WHO announced next steps August 12 as part of its investigation to find SARS-CoV-2 origins
The hunt for the origins of the novel coronavirus disease (COVID-19) has been a hot button topic since the start of the pandemic. The scientific fraternity has been largely stressing on the virus’ natural origins but not completely discounting that it may have leaked from a laboratory in Wuhan, China.
Amid the recurrent back-and-forth on the virus’ ‘source’, the World Health Organization (WHO) has warned countries not to “politicise the situation and to accelerate cooperation of origin studies”.
The WHO announced next steps August 12, 2021 as part of its investigation to find SARS-CoV-2 origins. The move assumes significance amid the growing chorus to step up focus on the laboratory-leak theory. WHO studies, so far, have largely stressed that the virus jumped from animal to humans through zoonosis.
‘Need deeper investigation’
The WHO, after the World Health Assembly in November 2020, agreed to sponsor the first phase of investigation into the pandemic’s origins. The study took place in China in early 2021, and dismissed its laboratory theory.
A team of 34 scientists from several countries including China, Japan, the United States and the United Kingdom gathered in Wuhan and assessed data in February 2021. A 300-page report was released in March 2021. The report, according to several experts, looked at the role of wet markets but did not examine how the Wuhan Institute of Virology could have played a role in the outbreak.
WHO chief Tedros Adhanom Ghebreyesus, who had earlier praised China for its efforts in controlling the pandemic, expressed his discontent with the investigation: “I do not believe that this assessment was extensive enough. This requires further investigation, potentially with additional missions involving specialist experts, which I am ready to deploy,” he had said.
In the meantime, the US media reported on the lab-leak hypothesis: One story referred to a document from an official in the former US President Donald Trump’s administration, suggesting that three researchers from the Wuhan laboratory were sick in November 2019. The second alleged that Chinese authorities stopped a journalist from entering an abandoned mine where Wuhan researchers recovered coronaviruses from bats in 2012.
Calls to investigate the Chinese laboratories acquired a mad rush: On May 26, United States President Joe Biden tasked the US Intelligence Community to join efforts to find SARS-CoV-2’s origins and report back in 90 days.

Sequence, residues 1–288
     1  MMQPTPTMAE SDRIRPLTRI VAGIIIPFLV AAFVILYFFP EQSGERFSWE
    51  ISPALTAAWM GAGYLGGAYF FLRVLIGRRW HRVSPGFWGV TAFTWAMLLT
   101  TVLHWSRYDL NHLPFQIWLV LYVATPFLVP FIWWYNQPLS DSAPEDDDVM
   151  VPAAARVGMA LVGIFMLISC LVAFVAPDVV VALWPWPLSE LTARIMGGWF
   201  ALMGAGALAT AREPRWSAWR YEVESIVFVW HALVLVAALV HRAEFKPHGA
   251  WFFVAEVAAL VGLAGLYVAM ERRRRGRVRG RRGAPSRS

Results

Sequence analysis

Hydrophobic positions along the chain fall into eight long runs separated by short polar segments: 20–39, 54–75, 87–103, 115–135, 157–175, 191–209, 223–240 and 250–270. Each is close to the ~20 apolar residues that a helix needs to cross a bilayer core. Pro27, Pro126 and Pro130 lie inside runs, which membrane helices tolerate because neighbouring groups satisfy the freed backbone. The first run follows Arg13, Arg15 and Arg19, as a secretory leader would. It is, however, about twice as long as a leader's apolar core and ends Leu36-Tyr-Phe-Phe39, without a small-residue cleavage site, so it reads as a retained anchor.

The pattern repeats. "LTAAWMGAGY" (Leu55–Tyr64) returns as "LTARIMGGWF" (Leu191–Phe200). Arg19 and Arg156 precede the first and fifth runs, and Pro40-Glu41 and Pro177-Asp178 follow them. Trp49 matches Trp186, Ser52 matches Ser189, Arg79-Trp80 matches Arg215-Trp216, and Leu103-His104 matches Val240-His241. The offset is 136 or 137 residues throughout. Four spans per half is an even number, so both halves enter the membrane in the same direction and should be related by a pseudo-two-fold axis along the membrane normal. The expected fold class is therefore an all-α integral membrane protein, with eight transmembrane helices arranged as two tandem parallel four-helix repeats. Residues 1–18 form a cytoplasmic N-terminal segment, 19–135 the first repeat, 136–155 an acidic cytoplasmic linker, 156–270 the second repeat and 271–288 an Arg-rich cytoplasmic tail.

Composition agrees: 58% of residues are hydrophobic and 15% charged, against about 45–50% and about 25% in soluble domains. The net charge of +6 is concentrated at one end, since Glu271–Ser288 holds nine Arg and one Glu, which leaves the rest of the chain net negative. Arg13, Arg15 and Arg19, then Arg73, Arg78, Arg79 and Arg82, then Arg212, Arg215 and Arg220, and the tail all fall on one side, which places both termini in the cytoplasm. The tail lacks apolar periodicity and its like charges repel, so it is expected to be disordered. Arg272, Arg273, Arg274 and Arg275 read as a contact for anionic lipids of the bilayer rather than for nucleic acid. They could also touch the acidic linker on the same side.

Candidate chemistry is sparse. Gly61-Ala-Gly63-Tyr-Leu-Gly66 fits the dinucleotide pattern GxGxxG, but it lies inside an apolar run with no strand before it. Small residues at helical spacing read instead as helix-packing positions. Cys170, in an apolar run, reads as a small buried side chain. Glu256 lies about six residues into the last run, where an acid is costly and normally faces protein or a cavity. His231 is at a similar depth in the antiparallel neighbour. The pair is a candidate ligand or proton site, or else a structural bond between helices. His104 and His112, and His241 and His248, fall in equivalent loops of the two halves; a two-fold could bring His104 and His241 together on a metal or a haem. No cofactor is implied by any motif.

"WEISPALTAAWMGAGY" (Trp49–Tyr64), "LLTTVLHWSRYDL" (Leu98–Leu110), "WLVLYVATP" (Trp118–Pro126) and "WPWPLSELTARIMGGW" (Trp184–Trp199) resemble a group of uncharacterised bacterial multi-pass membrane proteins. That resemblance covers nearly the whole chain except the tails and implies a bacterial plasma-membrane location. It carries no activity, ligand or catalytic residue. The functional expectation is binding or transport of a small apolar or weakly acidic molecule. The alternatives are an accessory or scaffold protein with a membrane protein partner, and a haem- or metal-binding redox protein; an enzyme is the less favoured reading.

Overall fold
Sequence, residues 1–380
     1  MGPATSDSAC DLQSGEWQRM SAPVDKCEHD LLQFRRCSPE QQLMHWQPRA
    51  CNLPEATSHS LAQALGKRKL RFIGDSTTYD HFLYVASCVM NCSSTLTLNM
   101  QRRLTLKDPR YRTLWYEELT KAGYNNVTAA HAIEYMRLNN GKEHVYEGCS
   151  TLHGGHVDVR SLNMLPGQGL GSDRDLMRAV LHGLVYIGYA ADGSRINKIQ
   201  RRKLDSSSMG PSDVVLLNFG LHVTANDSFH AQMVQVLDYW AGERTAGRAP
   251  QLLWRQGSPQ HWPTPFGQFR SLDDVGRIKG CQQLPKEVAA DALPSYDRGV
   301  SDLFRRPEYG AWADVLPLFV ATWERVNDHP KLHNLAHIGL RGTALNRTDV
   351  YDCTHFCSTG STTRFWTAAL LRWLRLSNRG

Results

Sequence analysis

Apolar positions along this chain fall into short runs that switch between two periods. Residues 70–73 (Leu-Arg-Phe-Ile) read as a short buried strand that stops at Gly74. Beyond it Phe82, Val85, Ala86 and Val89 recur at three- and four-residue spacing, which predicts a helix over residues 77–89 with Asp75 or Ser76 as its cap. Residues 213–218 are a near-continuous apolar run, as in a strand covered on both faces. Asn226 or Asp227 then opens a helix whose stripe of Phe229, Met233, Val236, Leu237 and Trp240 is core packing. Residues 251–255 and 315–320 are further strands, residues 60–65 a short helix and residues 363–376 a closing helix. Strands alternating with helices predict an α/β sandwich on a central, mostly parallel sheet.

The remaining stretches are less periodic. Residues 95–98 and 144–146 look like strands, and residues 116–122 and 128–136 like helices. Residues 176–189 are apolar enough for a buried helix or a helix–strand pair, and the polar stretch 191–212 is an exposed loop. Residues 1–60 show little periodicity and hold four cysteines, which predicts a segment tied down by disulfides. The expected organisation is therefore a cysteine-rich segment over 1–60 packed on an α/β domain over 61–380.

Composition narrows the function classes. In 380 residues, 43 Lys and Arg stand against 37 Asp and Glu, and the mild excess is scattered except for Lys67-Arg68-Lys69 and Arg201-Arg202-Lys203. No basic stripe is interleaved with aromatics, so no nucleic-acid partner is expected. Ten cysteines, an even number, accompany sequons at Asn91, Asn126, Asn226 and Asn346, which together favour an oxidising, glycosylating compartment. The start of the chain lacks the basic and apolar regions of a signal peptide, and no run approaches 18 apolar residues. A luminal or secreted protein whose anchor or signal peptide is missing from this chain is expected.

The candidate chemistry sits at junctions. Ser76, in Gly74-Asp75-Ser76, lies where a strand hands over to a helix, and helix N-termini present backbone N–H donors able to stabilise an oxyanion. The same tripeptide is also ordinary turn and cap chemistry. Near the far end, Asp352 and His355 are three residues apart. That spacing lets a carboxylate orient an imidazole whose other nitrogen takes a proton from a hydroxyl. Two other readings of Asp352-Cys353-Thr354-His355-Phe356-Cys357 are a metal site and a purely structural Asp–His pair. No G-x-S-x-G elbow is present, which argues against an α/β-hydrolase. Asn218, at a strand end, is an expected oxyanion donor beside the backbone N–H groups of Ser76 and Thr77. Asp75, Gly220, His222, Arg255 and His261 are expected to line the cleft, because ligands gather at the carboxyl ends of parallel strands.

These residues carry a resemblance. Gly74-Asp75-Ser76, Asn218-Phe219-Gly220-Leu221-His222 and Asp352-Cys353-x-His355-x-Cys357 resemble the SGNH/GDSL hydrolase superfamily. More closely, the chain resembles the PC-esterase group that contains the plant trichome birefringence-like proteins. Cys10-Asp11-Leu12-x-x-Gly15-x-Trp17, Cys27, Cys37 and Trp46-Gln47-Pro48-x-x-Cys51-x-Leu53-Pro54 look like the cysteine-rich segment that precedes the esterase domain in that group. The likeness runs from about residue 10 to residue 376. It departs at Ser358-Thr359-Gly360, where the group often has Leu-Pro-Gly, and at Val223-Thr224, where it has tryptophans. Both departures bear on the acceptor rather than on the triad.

China, meanwhile, has repeatedly rejected the WHO’s calls for a renewed probe into the origins of COVID-19, condemning the “politicisation of the pandemic that has killed millions across the globe”.
‘Avoid finger-pointing, political-scoring’
WHO, in its recent release, has warned that the search for the origins of SARS-CoV-2 should not be an “exercise in attributing blame, finger-pointing or political point-scoring”.
It underlined its priority to “build on the first phase of studies, implement the recommendations outlined in the March 2021 report and accelerate scientific efforts on all hypotheses”. It said hunting the origins of any novel pathogen is a difficult process and takes collaboration, dedication and time.
The International Scientific Advisory Group for Origins of Novel Pathogens (SAGO) is the new advisory group that will advise WHO on the development of a global framework to study the emergence of future emerging pathogens.
It will support the rapid undertaking of recommended studies outlined in the March 2021 report to examine the origins of SARS-CoV-2.
The WHO has also called countries to prioritise research on long COVID, adding that a significant portion of people diagnosed with COVID-19 experienced lasting symptoms that included fatigue, breathlessness and neurological complications months after the infection.
It said ‘Post COVID-19 condition’ should be used for people living with long COVID.
An international group of experts in core outcome set development and post COVID-19 condition research have developed a programme of research with WHO and ISARIC (International Severe Acute Respiratory and emerging Infection Consortium). The researchers aim to complete the first phase in the summer of 2021 and the second phase in 2022.
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